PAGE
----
While pundits are busy blaming all economic ailments to the demon called demonetisation, few are taking a look at the "new normal" that has been made the order of the day. Take for instance the Insolvency and Bankruptcy Code (IBC). The Indian promoters accustomed to ever greening of their debt and living luxuriously at the expense of public saving, were shocked when in June this year the RBI asked the banks to take up cases against a dozen defaulters under the IBC. This saw the breach of the banker-borrower cosy relations which was a win-win for both at the expense of the national economy. Despite the disruptive effect of the same, analysts are curiously reticent to take up the impact – short and long term – of "new normals" on the Indian economy.
An economic system dependent in no small way on corruption, nepotism and law avoidance, cannot all of a sudden be made to turn transparent and rule abiding. The result of applying sudden breaks was clearly illustrated during the demonetisation decision on November 8, 2016. While cancelling high-value notes was certainly not a sufficient instrument to weed out black money from the system, it is no denying that the intent of the scheme had sent shivers down the spines of many. Criticism, therefore, was intensely camouflaged directing the plight of the poor and small businesses. To evade, help came from all usual participants in the system – bankers, accountants, lawyers and even officials who were supposed to detect malpractices. The end result, in terms of cancelled notes returning to the system, has been a failure.
Demonetisation apart, the other jolt from the prevailing economic system came from the much hailed indirect tax system, the Goods and Services Tax (GST). The scheme is a text book example of how a great idea can be diluted to turn it into a forgettable one. In one shot, the service tax regime turned complex, the number of returns and paper work increased by manifolds, a confusion over state GST and central GST pervaded and multiple registration issues turned even ardent supporters into hostile participants; what is more important is that small traders accustomed to transact in cash without proper receipts increased their cash transactions after locking up their newly acquired POS machines and digital cash with it.
IBC is the third jolt having no less long term effect on the economy. At the risk of simplification, one can safely conclude that the measure will be praised in the short term for bringing in the much-needed measure to reign in corrupt business practices; and criticised as the reason for the death of Indian enterprise in the medium term. It will also create a new generation of service sector professionals who will work as insolvency professionals. And like any other new initiatives in the country, there is now a rush to clear the requisite test and qualify for the task.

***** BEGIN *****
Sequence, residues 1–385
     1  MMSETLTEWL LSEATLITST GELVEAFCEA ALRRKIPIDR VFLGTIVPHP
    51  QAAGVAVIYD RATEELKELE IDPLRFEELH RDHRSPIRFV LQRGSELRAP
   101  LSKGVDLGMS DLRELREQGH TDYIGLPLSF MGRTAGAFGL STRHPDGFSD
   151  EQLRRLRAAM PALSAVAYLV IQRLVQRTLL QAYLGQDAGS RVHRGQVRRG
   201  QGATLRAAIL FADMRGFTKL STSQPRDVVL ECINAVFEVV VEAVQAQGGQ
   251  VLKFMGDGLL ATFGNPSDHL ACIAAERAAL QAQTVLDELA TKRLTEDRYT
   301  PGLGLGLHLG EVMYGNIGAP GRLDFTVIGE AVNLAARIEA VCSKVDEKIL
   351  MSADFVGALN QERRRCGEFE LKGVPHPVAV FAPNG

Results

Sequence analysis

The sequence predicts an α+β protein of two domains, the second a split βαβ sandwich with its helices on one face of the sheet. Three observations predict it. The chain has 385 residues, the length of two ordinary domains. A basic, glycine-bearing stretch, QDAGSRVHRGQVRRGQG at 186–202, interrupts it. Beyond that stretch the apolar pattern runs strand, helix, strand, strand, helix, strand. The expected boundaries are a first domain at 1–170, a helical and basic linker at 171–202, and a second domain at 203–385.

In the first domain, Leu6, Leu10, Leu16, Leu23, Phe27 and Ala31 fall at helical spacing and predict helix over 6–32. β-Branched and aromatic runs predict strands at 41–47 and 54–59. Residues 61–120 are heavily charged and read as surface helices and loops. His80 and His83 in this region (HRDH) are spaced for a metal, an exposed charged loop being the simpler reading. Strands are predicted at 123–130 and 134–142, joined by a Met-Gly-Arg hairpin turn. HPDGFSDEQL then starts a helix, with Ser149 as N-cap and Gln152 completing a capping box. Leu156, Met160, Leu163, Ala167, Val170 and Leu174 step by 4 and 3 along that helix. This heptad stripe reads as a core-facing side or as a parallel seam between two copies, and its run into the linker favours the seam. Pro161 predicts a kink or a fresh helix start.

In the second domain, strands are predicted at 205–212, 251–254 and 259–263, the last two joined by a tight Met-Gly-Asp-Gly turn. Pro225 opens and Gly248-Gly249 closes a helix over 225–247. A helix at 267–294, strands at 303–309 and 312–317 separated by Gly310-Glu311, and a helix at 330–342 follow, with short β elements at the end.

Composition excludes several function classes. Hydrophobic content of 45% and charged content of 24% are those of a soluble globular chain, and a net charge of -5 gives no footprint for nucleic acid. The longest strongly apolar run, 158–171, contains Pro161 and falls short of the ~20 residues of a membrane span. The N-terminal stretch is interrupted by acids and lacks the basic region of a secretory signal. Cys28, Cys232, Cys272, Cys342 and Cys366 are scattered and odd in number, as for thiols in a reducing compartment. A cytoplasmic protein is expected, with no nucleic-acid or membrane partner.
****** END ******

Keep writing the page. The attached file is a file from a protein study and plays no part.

While banks will get back money through IBC there are two critical issues which need to be addressed. First, and the important one for banks is, what will be the discounted value of the asset that lenders will take over. Will lenders receive the full amount which is outstanding on paper? Clearly, the business going in for insolvency could not generate that cash flow. Can a new management revive the business? It will be simplistic to presume that with a little change here and some tweaking there, the business would stand on its feet again. Banks will have to sacrifice a portion of its loan which is shown as outstanding. May be some will come back from the earlier provisions against such NPAs. Still, there is a possibility of banks losing money despite the IBC process.
The second question, not raised at all, is the loss of employment, direct and indirect, due to the insolvency of businesses. Is there a deluge of fresh investment to overcome this loss? Prima facie it is not so. It will take years to resolve the effect.
IBC is also yet another example of the short sightedness of those who draft laws in this country. Take for instance the real estate sector, the Jaypee Infratech case for instance. A real estate developer borrowed money from the bank but that is only a small part of its capital. All of them pre-sells flats based on drawing collect money and divert funds for other uses – with the cash component used for bribing to obtain regulatory approvals. Without any consumer protection act, property buyers have nowhere to look for the redressal of their grievances in the case of a delay.
The case between Olympic medal winner, now a minister, Rajyavardhan Singh Rathore and a builder Parsvanath is an ideal example. Under IBC, the property buyers are unsecured borrowers ranked at the bottom of the heap. Once a bank appoints an Insolvency Professional and finally decides to liquidate the company, the unsecured buyers of flats will have no recourse to recover their life time savings. The rules do not offer any solution for the home buyers who are ultimately cheated in the end. Shouldn't the lawmakers have thought of the specific product category and accordingly built in checks and balances in the rule? Now the task has fallen on the Supreme Court.
When the Government opts for certain well-meaning decisions which would have a wide ranging disruptive effect it should have outlined potential consequences with precision and diligence. The failure to do so in the three important decisions mentioned here points to the weakness of the administration and the current political leadership.
To take tough decisions is indeed tough but the tougher task is to solve the problems brought forth by such decisions. Implementation is no less important than the decision. Demonetisation, GST and IBC are three examples of such management failures of the national Government in implementing much heralded right decisions.
(The views expressed are strictly personal.)